spring.jpa.database=POSTGRESQL
spring.jpa.database-platform=org.hibernate.dialect.PostgreSQLDialect
spring.jpa.hibernate.ddl-auto=none

Step 4: Run the PetClinic application

You can now run the application with the following commands:

cd spring-petclinic-rest
./mvnw spring-boot:run

Navigate to http://localhost:9966/petclinic/swagger-ui.html to view the Swagger REST API documentation for the app. You should see something similar to this.

image2

We can also jump back over to the YugabyteDB command line and execute PostgreSQL’s familiar \dt command or view the PetClinic tables in a UI like DBeaver. You should see 9 new tables created.

image3

You can also issue a simple SELECT statement or use a UI to view the data that ends up populating the tables by default.

image4

Step 5: Configure an Angular frontend

To get an Angular frontend for our PetClinic application we’ll make use of the project that can be found here. Again we’ll be working locally on a Mac.

Note: You should be running a current version of the angular-cli.

Clone the project from GitHub.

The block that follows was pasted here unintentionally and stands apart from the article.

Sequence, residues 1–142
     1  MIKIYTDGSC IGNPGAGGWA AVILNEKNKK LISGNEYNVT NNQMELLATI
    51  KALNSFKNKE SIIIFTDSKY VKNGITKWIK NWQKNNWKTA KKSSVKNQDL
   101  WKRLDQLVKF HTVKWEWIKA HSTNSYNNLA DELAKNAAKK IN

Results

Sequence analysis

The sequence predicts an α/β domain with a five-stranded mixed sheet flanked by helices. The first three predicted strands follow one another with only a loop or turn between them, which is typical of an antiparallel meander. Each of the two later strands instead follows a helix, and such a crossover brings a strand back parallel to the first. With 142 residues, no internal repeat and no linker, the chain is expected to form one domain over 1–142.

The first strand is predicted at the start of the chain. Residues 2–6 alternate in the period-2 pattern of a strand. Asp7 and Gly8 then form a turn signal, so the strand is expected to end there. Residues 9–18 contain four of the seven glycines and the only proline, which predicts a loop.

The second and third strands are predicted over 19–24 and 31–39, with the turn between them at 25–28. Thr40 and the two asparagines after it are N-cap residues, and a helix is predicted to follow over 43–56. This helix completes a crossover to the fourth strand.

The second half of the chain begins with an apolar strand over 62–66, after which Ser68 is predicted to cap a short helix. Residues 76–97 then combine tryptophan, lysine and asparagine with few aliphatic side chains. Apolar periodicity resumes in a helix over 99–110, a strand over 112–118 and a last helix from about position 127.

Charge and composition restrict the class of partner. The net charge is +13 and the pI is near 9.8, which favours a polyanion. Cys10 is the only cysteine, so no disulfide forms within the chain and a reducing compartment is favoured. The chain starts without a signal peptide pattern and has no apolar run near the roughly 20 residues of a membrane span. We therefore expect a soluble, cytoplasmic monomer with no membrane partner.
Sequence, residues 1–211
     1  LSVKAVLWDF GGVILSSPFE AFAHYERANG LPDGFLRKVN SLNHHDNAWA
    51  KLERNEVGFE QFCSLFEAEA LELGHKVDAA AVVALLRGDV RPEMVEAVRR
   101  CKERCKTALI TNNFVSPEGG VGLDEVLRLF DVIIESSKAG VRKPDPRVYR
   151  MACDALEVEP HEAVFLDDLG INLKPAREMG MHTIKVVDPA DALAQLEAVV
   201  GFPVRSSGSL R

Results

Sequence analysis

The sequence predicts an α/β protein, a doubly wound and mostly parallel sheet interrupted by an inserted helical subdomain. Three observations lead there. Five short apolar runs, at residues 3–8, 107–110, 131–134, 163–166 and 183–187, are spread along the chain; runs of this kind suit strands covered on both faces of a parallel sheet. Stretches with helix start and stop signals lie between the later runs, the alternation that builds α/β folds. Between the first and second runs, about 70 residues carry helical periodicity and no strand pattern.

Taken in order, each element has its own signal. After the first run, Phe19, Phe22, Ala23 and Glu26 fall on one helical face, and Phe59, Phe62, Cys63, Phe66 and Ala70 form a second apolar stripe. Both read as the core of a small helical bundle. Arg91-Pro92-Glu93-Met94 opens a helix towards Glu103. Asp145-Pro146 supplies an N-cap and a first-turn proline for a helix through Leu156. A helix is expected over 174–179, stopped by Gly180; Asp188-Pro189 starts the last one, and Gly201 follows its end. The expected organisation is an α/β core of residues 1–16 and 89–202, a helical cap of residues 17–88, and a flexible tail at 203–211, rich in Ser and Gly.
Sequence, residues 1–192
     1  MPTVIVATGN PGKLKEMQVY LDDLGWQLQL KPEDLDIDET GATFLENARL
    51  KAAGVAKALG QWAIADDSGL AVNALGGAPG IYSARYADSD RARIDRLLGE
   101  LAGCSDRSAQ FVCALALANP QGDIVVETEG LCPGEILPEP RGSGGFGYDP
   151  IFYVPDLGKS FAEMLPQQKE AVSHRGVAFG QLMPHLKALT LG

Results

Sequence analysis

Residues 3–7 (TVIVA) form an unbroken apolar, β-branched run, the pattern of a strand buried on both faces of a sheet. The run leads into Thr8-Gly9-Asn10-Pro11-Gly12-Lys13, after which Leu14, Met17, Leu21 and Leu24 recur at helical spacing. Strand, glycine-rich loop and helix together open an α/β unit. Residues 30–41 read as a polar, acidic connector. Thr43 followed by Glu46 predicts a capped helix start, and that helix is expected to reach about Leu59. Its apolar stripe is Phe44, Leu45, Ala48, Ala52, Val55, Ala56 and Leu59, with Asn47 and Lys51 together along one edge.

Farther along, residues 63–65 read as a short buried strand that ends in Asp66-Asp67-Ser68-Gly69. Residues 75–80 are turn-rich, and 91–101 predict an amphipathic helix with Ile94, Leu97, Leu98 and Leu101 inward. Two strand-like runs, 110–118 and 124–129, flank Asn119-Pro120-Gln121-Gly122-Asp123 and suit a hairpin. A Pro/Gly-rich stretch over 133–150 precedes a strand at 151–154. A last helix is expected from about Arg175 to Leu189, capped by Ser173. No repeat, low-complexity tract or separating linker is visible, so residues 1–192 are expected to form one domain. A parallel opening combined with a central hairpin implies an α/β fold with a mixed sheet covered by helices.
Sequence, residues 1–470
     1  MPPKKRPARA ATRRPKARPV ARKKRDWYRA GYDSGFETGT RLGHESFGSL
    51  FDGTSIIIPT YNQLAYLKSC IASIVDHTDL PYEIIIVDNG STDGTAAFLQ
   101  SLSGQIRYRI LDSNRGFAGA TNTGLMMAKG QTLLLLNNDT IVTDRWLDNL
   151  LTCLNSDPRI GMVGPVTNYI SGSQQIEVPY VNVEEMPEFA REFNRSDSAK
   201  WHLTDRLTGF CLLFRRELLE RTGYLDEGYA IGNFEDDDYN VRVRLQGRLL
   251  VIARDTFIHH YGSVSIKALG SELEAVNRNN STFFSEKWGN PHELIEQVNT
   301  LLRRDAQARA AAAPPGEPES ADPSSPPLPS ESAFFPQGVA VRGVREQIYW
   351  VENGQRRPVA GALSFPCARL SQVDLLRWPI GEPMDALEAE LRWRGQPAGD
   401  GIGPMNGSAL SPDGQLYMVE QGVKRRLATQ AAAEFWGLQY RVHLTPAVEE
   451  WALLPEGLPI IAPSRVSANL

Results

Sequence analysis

$ git clone https://github.com/spring-petclinic/spring-petclinic-angular.git

Install the local project package.

$ npm install

Bring up a development server.

$ ng serve

Now, navigate to http://localhost:4200/. Note: The application will automatically reload any changes to source files. You should now see something similar to this:

image5

Step 6: Simple data manipulation in Angular

Next, navigate to http://localhost:4200/petclinic/owners and click on “Add Owner” to add a new owner.

image7

We should now see this new owner in the UI. This means we’ve successfully written to the YugabyteDB cluster.

image8

Similarly, the results you’d see in YugabyteDB.

image8

Step 7: Simple data manipulation in Swagger

Navigate to http://localhost:9966/petclinic/swagger-ui.html and locate the pet-rest-controller.

image9

Let’s add a pet named “Maxine” and assign her to the owner we just created named “Richard.” We can make a POST with the following:

{
  "birthDate": "2020/07/20",
  "id": 0,
  "name": "Maxine",
  "owner": {
    "address": "string",
    "city": "string",
    "firstName": "string",
    "id": 101,
    "lastName": "string",
    "pets": [
      null
    ],
    "telephone": "string"
  },
  "type": {
    "id": 2,
    "name": "string"
  },
  "visits": [
    {
      "date": "yyyy/MM/dd",
      "description": "string",
      "id": 0
    }
  ]
}

After execution, in the Angular UI we should see that the owner “Richard” now has a pet named “Maxine”. This tells us that the POST successfully inputted the data into YugabyteDB.

image10

Conclusion

That’s it! You now have the REST version of the Spring PetClinic running on top of a 3 node YugabyteDB cluster on GKE, with an Angular frontend. For more information about how to build Spring applications with YugabyteDB backends, check the following resources: